Nokia claim 10Gbps symmetical speeds over HFC

Nokia Bell Labs has claimed a “significant breakthrough” in the effort to meet surging data demand by demonstrating 10Gbps symmetrical data speeds over traditional cable access networks.

The firm states that its lab test delivered 10Gbps download and upload speeds over traditional Hybrid Fibre Coax (HFC) cable systems. Using a prototype technology called XG-CABLE, the test demonstrates how existing cable systems can be used, aiding operators to deliver enhanced symmetrical ultra-broadband access services to residential and business subscribers seeking greater upload speeds.

"The XG-CABLE proof of concept is a great example of our ongoing effort and commitment to provide the cable industry with the latest innovations and technology needed to effectively address the growing demand for gigabit services,” said Federico Guillén, president of fixed networks at Nokia.

“The proof of concept demonstrates that providing 10Gbps symmetrical services over HFC networks is a real possibility for operators; it is an important achievement that will define the future capabilities and ultra-broadband services cable providers are able to deliver."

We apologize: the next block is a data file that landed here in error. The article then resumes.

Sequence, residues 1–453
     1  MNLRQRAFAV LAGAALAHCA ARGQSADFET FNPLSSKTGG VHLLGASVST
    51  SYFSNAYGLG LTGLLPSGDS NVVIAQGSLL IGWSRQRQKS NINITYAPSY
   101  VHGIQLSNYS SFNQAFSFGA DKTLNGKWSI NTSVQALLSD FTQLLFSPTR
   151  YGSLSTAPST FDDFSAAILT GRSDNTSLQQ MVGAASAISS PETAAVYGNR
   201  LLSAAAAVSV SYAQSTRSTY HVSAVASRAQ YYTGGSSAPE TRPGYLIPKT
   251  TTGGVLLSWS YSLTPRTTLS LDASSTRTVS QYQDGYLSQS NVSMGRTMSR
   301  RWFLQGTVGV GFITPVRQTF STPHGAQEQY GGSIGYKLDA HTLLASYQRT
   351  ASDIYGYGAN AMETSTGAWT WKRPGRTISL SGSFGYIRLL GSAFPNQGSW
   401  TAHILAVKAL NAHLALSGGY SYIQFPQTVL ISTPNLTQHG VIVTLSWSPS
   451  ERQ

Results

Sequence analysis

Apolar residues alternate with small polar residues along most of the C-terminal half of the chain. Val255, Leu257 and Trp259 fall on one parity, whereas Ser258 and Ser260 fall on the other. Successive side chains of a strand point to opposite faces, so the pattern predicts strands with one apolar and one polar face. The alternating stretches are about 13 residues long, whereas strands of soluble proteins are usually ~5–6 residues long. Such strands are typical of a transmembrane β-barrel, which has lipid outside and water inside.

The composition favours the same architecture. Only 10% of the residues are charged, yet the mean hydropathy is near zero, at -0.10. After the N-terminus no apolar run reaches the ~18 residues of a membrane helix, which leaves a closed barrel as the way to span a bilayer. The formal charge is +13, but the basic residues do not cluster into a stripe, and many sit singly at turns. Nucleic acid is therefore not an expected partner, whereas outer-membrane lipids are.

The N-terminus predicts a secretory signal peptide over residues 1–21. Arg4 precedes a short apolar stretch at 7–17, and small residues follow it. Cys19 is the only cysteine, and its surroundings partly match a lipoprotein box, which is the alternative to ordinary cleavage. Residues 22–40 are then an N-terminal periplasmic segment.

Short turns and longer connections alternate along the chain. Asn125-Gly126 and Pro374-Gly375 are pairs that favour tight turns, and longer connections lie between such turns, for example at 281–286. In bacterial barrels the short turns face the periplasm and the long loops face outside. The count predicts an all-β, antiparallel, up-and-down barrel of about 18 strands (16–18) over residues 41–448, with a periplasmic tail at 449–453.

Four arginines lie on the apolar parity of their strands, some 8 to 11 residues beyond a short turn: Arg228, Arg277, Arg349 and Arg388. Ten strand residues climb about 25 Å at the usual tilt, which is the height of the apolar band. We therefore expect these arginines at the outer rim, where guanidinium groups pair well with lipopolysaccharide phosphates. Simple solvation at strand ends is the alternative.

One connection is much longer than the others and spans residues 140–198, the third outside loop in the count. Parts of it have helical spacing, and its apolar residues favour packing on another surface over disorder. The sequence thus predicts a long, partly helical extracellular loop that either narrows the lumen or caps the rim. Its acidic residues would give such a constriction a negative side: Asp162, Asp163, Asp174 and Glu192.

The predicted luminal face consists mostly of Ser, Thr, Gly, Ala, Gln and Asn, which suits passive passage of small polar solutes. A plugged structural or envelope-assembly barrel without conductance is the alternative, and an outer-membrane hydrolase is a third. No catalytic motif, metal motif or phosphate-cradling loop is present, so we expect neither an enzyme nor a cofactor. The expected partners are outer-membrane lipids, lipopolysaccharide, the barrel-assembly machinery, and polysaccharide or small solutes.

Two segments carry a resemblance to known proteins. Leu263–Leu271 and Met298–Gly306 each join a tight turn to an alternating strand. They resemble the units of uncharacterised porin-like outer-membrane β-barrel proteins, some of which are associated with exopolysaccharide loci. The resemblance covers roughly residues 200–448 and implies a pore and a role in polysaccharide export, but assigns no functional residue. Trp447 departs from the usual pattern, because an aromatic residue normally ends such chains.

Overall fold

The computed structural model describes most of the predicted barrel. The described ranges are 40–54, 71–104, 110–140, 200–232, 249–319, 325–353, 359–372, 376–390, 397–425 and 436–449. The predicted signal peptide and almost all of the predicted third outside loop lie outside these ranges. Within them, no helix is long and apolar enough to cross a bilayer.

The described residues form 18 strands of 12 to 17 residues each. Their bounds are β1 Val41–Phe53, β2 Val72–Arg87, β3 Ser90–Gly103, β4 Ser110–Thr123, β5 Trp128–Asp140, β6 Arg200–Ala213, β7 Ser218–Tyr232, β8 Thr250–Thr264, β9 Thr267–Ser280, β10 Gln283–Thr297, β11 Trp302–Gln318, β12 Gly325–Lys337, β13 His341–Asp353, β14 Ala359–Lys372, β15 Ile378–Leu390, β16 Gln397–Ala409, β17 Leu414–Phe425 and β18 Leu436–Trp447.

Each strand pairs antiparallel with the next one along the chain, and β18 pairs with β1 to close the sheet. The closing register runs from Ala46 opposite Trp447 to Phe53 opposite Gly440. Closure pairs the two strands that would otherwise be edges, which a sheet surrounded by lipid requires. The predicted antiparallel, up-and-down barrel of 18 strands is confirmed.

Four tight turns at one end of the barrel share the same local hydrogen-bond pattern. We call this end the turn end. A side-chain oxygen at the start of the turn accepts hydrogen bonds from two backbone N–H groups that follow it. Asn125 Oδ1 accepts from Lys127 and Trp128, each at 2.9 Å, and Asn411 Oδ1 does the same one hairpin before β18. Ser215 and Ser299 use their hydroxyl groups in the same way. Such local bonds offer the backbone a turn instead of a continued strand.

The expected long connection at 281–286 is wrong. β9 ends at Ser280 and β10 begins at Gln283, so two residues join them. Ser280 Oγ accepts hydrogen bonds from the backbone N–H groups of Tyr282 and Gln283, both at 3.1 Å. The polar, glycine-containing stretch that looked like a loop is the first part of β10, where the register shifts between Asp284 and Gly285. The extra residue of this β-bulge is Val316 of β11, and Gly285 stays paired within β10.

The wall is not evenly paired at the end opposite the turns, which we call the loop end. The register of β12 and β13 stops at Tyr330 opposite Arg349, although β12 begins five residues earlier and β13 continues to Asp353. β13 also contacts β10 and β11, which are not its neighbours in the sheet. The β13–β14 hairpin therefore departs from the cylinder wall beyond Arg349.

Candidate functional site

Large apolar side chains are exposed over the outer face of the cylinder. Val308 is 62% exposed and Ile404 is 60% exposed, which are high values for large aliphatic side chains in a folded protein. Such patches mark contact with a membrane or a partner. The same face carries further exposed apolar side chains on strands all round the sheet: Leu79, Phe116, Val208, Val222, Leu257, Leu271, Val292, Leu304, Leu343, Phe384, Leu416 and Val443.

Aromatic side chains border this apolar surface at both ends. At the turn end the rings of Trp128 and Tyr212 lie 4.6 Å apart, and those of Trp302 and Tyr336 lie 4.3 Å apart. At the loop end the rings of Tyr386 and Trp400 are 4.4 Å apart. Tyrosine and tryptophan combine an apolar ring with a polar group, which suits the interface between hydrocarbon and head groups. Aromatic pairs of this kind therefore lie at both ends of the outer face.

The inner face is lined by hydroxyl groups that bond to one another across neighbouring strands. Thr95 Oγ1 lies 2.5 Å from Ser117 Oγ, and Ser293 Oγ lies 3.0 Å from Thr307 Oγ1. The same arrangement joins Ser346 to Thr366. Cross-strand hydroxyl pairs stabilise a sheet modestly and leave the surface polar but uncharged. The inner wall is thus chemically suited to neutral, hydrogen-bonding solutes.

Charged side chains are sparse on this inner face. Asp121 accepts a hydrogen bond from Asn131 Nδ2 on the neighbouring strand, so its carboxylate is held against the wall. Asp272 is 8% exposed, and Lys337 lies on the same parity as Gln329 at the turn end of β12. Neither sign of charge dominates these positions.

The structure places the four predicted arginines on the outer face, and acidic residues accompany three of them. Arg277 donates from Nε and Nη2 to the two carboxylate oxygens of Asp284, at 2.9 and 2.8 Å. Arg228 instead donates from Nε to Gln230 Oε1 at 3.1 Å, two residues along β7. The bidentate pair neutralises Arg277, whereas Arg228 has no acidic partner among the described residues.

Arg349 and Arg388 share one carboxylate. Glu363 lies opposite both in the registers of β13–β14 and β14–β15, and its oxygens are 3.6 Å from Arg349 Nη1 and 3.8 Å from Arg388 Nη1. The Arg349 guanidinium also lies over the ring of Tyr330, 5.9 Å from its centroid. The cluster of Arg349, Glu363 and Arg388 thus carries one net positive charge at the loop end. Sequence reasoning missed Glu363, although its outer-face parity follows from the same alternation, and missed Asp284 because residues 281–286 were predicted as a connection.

Achieving 'symmetrical' services – where the network can simultaneously support 10Gbps data speeds for both uploading and downloading content – is a major breakthrough for the cable industry, said Nokia.

Nokia Bell Labs started to explore the feasibility of delivering symmetrical service over HFC cable plants in 2014, but now claims it has successfully demonstrated the concept is valid and achievable as the XG-CABLE test used point-to-point cable topologies to deliver 10Gbps symmetric data speeds over coaxial cable using 1.2GHz of spectrum.

By leveraging the XG-CABLE technology, operators can effectively use existing HFC cables over the last 200 meters to provide upstream speeds never before achievable due to the limited spectrum available.  This will enable operators to more effectively bring ultra-broadband services to consumer locations that were not physically or economically viable unless fiber was brought all the way to the residence. XG-CABLE will also provide operators with greater agility in how they use and manage their spectrum.

Commenting on the announcement, Robert Howald, vice president, network architecture at Comcast Cable, said: "While it is still early in the development of full duplex, Nokia's XG Cable proof of concept shows that multi-Gigabit symmetrical speeds over HFC, as targeted in the CableLabs FDX initiative, are achievable.” 

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